What about other impacts of solar irrigation? Through the International Water Management Institute (IWMI), we’ve developed maps that calculate an area’s solar suitability, assessing risks such as those to soils (by assessing slopes) or ecosystem services (by assessing water availability). And we’re expanding this analysis to all of Sub-Saharan Africa, also incorporating food security considerations and cost-benefit analyses.

Finding such solutions was at the heart of the discussions on tradeoffs and synergies among SDGs at Science Forum 2018, organized recently by CGIAR’s Independent Science and Partnership Council (ISPC). Our session brought together scientists, practitioners, donors and other experts to figure out why agricultural research has often failed to consider interactions or scale up solutions – and how we can do better.

How can research help harness all this complexity?

Our experts identified room for improvement. While we’ve made progress in developing tools and capacity for decision makers, we still need to reduce unintended negative consequences and generate synergistic benefits – this is not easy and not common practice.

The first step is improving how we prioritize our research-for-development activities. We need to better balance the focus on agricultural technologies with investment in systems approaches. We should also do more to look at failures – how can cases where synergies and tradeoffs were not well considered help us prioritize next activities?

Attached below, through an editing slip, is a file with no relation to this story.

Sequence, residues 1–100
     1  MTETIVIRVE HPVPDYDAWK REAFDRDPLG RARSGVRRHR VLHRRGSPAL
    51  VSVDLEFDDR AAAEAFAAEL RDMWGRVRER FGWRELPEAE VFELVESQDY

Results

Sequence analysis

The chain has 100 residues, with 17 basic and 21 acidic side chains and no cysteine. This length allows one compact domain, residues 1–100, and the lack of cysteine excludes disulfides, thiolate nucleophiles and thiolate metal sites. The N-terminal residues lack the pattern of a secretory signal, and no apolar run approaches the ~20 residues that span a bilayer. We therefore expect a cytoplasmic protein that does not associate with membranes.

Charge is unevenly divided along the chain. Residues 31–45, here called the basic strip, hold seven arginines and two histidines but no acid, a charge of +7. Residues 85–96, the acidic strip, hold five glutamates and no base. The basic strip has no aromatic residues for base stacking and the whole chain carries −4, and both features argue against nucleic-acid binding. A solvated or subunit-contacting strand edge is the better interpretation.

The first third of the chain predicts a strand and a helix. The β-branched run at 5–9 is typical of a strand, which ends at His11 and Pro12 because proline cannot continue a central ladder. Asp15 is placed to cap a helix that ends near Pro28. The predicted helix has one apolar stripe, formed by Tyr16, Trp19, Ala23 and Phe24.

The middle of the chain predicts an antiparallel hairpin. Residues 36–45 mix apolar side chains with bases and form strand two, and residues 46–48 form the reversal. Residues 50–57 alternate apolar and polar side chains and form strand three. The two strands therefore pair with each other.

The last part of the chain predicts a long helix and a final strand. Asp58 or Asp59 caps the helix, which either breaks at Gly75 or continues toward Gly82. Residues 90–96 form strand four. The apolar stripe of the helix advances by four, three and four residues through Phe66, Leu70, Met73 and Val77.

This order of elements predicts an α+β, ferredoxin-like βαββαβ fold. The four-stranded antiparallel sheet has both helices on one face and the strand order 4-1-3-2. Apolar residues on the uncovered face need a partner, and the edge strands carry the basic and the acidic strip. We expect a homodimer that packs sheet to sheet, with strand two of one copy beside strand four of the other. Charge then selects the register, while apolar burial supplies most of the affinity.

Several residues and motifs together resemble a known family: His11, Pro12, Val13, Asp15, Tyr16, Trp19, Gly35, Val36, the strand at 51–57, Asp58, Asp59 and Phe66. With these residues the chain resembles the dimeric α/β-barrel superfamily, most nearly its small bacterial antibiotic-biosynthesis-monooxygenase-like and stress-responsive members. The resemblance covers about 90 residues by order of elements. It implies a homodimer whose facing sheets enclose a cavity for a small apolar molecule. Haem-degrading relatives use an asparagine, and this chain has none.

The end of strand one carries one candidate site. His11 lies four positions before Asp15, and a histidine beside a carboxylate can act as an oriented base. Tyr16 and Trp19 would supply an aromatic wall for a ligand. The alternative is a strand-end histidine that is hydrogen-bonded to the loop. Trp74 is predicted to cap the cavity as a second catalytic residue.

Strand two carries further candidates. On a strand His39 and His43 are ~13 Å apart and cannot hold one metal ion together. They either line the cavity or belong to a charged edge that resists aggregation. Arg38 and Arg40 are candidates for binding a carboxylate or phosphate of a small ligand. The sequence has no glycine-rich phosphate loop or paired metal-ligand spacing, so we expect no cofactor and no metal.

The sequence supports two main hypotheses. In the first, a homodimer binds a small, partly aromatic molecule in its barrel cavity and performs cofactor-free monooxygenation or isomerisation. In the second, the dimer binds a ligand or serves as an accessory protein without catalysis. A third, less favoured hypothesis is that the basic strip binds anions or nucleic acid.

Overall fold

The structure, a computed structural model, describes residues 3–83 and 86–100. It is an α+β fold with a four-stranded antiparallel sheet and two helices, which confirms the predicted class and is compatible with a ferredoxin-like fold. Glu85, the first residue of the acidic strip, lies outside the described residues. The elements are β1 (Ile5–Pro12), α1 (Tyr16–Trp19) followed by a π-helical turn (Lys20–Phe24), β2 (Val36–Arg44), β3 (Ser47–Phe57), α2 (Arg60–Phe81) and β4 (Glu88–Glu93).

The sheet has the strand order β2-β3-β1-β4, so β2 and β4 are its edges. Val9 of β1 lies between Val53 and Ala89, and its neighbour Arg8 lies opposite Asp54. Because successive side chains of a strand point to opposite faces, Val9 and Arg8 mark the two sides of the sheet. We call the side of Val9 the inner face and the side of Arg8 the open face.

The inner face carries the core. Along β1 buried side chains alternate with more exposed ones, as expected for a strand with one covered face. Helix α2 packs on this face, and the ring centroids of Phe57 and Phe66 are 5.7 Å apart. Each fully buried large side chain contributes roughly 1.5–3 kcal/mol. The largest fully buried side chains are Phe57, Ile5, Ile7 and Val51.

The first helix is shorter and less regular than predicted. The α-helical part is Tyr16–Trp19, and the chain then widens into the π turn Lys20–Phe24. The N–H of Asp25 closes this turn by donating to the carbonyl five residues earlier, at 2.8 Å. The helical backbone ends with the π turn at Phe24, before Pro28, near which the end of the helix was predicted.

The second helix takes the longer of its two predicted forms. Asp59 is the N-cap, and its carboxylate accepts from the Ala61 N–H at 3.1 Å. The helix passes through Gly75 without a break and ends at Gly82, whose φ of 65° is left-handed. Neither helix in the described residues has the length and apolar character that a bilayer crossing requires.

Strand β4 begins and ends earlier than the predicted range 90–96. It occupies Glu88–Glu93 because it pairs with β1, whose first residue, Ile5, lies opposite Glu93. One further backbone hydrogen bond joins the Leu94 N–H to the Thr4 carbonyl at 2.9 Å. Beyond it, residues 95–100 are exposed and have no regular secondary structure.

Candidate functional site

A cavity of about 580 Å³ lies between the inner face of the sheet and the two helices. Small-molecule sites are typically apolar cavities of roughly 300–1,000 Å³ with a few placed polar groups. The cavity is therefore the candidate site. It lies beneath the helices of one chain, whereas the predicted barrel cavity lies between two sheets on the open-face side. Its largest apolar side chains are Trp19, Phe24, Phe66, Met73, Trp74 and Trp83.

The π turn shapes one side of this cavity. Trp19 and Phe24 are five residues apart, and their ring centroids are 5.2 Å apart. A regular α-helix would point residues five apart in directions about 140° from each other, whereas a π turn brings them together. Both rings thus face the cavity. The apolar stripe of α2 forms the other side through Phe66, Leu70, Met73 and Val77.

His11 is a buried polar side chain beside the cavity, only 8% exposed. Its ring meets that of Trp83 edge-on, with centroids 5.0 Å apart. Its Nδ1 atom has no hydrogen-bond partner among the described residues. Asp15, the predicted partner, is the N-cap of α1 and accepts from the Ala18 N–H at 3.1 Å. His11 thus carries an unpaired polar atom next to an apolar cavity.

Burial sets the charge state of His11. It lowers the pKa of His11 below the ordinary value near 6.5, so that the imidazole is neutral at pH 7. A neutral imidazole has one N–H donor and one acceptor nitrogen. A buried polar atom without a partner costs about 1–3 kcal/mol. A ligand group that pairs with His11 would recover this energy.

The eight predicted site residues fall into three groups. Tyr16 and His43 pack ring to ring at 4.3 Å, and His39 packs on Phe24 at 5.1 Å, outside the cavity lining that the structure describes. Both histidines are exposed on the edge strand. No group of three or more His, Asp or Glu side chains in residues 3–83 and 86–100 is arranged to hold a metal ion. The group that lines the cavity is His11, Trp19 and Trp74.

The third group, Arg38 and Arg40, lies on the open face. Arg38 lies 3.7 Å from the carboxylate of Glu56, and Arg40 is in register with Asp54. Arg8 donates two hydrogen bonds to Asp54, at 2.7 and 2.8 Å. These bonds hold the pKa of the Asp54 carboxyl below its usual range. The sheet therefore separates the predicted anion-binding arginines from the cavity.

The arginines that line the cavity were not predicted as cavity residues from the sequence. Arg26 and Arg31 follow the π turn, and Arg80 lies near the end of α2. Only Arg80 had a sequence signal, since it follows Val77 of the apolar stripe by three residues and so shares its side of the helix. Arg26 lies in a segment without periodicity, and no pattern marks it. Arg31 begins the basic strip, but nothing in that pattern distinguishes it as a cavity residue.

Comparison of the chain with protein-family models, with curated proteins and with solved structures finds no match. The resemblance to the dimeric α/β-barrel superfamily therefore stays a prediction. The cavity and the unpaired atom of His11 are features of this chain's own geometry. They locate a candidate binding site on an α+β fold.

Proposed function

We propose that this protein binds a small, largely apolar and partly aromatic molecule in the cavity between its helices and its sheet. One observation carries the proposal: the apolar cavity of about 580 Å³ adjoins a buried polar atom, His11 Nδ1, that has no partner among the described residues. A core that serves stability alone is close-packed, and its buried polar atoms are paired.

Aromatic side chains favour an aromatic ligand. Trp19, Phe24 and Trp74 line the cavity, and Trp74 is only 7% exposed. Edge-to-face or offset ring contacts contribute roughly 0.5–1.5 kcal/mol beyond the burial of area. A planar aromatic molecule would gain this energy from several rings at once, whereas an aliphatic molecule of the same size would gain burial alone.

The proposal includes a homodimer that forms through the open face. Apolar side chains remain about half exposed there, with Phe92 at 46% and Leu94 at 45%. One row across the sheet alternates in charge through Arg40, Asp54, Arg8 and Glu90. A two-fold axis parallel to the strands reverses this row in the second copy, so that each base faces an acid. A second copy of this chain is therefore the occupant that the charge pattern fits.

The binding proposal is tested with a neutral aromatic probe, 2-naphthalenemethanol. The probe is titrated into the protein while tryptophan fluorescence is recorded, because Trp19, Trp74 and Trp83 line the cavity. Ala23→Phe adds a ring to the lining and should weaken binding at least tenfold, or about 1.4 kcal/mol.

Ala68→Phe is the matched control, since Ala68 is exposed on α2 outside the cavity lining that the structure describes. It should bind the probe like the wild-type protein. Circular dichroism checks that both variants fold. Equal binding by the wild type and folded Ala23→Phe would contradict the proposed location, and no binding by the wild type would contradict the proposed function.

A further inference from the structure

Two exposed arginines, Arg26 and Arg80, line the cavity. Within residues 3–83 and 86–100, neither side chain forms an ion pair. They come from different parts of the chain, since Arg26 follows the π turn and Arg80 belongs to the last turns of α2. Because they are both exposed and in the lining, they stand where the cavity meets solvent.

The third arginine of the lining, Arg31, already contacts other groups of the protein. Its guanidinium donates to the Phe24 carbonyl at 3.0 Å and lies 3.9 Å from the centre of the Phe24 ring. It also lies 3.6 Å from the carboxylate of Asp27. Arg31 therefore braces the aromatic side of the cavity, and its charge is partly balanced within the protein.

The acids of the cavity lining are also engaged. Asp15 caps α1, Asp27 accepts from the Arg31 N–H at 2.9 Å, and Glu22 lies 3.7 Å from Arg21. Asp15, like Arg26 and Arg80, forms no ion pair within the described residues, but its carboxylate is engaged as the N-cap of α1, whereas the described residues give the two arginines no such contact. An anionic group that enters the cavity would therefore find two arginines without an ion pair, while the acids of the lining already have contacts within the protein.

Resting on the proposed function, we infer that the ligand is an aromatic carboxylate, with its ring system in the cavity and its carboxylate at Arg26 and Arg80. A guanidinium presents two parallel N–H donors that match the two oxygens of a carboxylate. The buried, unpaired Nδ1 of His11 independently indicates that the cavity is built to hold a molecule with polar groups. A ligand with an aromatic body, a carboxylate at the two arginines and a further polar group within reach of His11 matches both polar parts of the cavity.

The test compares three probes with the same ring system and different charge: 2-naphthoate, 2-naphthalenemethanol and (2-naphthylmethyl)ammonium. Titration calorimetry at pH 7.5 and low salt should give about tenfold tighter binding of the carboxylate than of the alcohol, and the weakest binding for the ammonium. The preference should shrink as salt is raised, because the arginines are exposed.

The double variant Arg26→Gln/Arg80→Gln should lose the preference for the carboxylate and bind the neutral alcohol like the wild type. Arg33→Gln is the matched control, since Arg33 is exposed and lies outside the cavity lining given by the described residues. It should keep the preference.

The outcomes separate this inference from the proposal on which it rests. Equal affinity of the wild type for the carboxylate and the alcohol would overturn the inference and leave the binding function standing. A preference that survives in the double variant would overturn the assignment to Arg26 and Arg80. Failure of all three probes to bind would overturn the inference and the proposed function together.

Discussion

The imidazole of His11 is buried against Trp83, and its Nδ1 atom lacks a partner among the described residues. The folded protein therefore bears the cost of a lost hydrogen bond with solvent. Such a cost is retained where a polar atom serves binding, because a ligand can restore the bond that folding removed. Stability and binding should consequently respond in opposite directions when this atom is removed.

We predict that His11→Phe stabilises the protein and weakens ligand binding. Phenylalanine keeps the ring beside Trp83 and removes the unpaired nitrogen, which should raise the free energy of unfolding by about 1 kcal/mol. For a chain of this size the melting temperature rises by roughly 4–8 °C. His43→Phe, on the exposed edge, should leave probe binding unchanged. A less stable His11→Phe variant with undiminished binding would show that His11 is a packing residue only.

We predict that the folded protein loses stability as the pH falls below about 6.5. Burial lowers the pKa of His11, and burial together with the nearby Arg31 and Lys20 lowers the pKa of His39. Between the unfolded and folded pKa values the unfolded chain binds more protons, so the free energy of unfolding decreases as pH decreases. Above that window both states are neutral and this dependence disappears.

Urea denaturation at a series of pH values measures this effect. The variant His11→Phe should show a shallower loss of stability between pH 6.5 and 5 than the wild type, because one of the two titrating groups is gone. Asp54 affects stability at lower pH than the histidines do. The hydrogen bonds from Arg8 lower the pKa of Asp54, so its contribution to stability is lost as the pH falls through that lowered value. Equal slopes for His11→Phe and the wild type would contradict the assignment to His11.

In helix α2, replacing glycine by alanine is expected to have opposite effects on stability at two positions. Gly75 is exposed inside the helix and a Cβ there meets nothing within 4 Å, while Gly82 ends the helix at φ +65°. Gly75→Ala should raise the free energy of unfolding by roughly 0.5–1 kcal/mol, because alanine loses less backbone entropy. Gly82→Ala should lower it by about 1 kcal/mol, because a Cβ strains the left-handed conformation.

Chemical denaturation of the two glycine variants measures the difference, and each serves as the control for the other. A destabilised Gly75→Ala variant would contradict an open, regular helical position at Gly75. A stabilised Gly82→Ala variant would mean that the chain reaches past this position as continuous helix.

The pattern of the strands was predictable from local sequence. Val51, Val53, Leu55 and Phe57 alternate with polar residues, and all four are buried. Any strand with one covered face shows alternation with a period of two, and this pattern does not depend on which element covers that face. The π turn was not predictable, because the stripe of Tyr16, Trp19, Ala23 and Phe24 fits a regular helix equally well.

Secondly, we need to discover better ways of supporting decision makers to make ‘best bet decisions.’ Integrated modelling will continue play a role but in the absence of perfect data, we need methods to better deal with complexity and uncertainty, and assess benefit/costs of cross-sector approaches. Researchers may also have to find ways to make decisions with imperfect or incomplete information – sometimes settling for “good enough.”

Third, we need to improve research design. All agriculture research projects need to account for impacts and feedback effects on multiple outcomes – health and nutrition, energy, greenhouse gas production, ecosystems. Research programs need trans-disciplinary, intersectional, mixed methods. We need to consider impacts at various scales: from farm to global and everywhere in between. And we need to prioritize strong risk assessments before we hit the ground.

Finally, we must improve how we measure progress. Projects must be evaluated on a broader set of SDG-related indicators. Irrigation projects need to measure impacts on nutrition, soil, gender and more – just as breeding initiatives need to track how new seeds impact water, biodiversity and social equity. We need indices that can compare outcomes across projects and landscapes. And let’s assess distributional impacts – how does an intervention impact the Global South vs. North? Rural vs. urban? Women vs. men? We need to build resilience on multiple levels – across natural resources, in the face of climate change, and in our economic and social spheres. These need to be front and center when measuring progress.

As we sail through this storm, we seem to be heading in the right direction. However, we can expect rough seas as we grapple with these complexities. Solutions rely not just on better partnerships, but on creating and using models and indicators that allow us to measure the tradeoffs and synergies inherent in every decision. Let’s hope we can move on the right partnerships, approaches and tools to ensure we see some calm in the midst of the storm.

Adam Hunt is Head of Communications and Engagement for the CGIAR Research Program on Water, Land and Ecosystems (WLE). Izabella Koziell is Program Director of WLE. Claudia Ringler is Deputy Division Director, International Food Policy Research Institute (IFPRI) and co-leader of the WLE’s Flagship program on Variability, Risks and Competing Uses.